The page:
This morning I read the account of Jesus passing by 2 blind men. When they hear that it’s Jesus walking by, they cry out “Have mercy on us!” The crowd tells them to shut up. But these blind men are so aware of their need and helplessness to overcome it that they ignore the crowd. So they cried out all the more “Lord, have mercy on us, Son of David!”
I was thinking about such a prayer in our world today. In modern Canadian culture, I can’t think of a more offensive prayer than “Lord have mercy on me.” The dominant thread through Canada today is radical independence from God. We live in a culture that affirms and legalizes the basic belief that “NO one can tell ME how to live my life.” We certainly don’t want God’s “interference.” We don’t want to be shackled to those old ways. I think one of the only tolerable prayers in Canadian society today might be, “God, (however I understand such a concept), bless me.”
But “Lord have mercy” implies that were not entirely successful in our pursuit of happiness apart from God. “Lord have mercy” suggests there are some things in our lives that we cannot overcome on our own – like blindness physical or spiritual. “Lord have mercy” also dares to suggest that we might not be able to come up with all the solutions on our own apart from God.
These blind men carried no such illusions. They were keenly aware of their need. They could not see and would not see without mercy from God. So Jesus responds “What do you want me to do for you?” They didn’t say, “Lord, grant us insight so we can figure this out on our own.” They stated their obvious need. “Lord, let our eyes be opened.”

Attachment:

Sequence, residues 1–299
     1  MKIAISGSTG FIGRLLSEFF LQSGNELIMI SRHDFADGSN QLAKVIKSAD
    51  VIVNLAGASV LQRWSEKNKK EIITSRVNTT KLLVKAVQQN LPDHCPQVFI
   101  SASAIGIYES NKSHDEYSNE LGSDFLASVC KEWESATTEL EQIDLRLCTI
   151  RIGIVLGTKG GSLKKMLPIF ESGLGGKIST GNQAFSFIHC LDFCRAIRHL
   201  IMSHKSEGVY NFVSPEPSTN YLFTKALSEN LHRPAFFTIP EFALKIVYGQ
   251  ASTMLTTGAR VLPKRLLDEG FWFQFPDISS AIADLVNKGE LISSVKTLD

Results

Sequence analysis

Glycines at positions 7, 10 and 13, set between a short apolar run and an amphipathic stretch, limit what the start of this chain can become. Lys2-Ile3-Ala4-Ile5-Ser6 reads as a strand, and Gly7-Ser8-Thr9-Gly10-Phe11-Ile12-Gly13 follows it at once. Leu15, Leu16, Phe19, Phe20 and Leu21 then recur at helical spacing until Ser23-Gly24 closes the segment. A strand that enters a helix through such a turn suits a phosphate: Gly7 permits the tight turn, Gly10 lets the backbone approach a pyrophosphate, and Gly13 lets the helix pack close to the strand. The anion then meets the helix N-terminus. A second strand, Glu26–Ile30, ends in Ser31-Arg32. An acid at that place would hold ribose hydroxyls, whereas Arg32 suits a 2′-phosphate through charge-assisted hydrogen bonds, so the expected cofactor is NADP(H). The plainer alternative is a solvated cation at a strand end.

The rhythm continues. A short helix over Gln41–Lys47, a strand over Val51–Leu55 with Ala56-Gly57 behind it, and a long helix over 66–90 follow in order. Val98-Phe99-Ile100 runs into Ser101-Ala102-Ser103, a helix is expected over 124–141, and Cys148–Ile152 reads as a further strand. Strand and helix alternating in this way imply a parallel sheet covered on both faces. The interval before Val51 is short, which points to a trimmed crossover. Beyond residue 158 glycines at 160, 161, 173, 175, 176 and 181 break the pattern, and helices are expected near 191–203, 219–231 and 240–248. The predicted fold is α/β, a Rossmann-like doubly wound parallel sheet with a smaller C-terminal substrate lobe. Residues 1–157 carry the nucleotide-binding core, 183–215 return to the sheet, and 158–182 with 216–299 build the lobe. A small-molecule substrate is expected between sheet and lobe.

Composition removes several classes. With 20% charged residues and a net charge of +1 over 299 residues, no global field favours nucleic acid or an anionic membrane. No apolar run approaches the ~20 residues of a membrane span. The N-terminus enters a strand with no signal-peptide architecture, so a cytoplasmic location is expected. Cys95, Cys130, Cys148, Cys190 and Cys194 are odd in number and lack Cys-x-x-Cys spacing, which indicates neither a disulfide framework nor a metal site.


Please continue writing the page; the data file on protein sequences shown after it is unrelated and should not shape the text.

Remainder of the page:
“And Jesus in pity touched their eyes, and immediately they recovered their sight and followed him.” Can you imagine how life changing that moment was in their lives? We don’t know how long they had experienced blindness. But they were “men.” They couldn’t work for they were sitting by the road likely begging. Suddenly, they can see because of the mercy of God.
Now I know the Christian walk is hard. It is challenging living to honor Christ as Lord when most people around live as their own lords. But when we cast a longing gaze on the radically independent life apart from God, we must remember His great mercy already shown to us. Mercy is receiving something you have not earned. We have not earned forgiveness, grace, right standing with God, adoption into God’s family, the Holy Spirit within us, new life in Christ, the promise of resurrection nor the constant presence of the Lord in our lives to guide us through every valley.
In fact, it cost the Father dearly to offer this kind of love to us – the sacrifice and death of His own Son. When we come to the end of ourselves (which if we’re honest, is quite often), we don’t have to try to cope by turning to something artificial or destructive). We have a God who loves to respond in mercy.
“And Jesus, IN PITY, touch their eyes, and immediately they recovered their sight and followed Him.”
“Lord God, we love to dabble in self-sufficiency and the pride of our own accomplishments or intelligence. Yet we desperately need you. Forgive us when we live like we don’t. Thank you for your mercy when we realize we do.”